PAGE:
* NICE backs Roche’s Zelboraf and Bristol’s Yervoy
* Move follows offers of price discounts in UK
LONDON, Nov 2 (Reuters) - Two new drugs for skin cancer have been recommended for use on Britain’s state-run health service after the rival manufacturers - Roche and Bristol-Myers Squibb - agreed to cut their prices.
The move underscores the growing pressure on drug companies to cut deals with austerity-hit European governments in order to prove their expensive new medicines offer value for money.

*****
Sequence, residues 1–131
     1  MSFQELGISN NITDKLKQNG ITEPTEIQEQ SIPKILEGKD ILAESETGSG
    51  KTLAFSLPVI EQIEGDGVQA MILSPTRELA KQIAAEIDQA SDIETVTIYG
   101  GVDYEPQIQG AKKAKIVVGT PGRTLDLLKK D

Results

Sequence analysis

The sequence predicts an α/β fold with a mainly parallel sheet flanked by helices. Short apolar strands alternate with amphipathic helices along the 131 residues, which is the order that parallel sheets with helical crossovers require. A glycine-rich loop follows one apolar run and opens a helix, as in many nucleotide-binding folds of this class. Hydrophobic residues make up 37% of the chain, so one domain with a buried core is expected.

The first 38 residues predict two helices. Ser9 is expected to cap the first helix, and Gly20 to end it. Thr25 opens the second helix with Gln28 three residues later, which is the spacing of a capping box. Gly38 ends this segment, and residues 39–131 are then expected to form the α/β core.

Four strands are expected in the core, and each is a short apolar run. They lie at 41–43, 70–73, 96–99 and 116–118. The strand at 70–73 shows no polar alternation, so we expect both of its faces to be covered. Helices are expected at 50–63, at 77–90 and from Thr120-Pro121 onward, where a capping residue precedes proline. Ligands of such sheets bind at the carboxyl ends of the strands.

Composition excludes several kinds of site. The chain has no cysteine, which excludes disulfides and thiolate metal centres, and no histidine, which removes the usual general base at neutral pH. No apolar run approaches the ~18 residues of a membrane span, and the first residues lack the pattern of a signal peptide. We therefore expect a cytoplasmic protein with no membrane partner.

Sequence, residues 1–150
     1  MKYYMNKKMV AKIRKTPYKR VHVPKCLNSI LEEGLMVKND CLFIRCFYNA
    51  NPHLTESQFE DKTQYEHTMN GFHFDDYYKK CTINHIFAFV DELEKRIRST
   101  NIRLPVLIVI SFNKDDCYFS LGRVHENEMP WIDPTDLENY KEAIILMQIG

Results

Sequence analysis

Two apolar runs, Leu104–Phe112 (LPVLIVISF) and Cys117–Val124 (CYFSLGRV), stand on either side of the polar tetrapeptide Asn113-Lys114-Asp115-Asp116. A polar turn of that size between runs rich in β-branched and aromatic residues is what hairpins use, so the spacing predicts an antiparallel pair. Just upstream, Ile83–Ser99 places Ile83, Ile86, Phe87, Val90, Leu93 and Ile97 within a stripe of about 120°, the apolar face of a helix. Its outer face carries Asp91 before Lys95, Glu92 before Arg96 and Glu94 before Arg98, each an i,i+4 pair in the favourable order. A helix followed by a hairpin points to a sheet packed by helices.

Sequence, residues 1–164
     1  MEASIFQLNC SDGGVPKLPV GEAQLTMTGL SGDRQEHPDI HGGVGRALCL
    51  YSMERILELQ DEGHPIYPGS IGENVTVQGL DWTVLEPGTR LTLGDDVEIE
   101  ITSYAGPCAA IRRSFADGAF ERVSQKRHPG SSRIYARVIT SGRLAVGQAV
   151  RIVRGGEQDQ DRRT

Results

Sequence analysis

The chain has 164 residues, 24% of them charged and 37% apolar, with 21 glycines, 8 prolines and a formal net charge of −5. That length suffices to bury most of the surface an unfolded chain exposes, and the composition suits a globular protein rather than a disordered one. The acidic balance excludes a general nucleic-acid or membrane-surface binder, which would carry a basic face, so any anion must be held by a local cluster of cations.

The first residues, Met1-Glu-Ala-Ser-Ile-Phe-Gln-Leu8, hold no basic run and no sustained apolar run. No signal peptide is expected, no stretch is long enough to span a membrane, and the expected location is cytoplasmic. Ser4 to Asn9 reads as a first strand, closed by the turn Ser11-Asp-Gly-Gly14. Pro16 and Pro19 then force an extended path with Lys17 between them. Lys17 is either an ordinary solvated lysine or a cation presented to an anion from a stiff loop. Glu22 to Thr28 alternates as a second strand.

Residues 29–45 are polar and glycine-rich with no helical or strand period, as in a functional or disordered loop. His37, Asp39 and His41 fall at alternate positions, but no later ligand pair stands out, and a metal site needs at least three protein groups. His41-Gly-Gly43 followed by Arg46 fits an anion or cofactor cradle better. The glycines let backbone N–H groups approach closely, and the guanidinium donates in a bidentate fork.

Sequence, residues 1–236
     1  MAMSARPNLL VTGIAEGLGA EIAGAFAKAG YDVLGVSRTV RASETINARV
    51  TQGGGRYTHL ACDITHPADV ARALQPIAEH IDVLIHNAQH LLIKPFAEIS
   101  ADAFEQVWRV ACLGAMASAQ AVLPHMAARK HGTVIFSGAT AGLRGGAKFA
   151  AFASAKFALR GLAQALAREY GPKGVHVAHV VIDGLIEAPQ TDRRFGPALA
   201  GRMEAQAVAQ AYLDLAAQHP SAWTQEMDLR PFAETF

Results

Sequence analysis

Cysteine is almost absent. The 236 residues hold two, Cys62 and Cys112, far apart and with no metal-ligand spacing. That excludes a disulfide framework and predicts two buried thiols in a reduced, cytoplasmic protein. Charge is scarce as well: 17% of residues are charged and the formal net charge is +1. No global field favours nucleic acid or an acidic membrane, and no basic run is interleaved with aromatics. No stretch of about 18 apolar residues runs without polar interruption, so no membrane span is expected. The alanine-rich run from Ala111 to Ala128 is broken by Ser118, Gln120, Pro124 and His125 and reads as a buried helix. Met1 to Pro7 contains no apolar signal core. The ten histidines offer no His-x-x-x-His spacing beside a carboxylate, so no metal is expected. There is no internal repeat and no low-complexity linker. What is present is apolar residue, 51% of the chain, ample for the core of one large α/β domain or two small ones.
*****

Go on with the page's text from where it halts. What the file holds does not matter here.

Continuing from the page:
The National Institute for Health and Clinical Excellence (NICE) said on Friday it had issued final draft guidance recommending both Roche’s Zelboraf and Bristol’s Yervoy after the companies offered undisclosed discounts.
NICE, which determines if products should be used by the National Health Service (NHS), had initially rejected both medicines, despite acknowledging that they represented a breakthrough in treating melanoma.
The list price for Zelboraf, which is only suitable for patients with a particular genetic profile, is 52,500 pounds ($84,600) for an average treatment span of seven months.
The price of a four-dose course of Yervoy, which is recommended only for people who have received prior chemotherapy, is 75,000 pounds.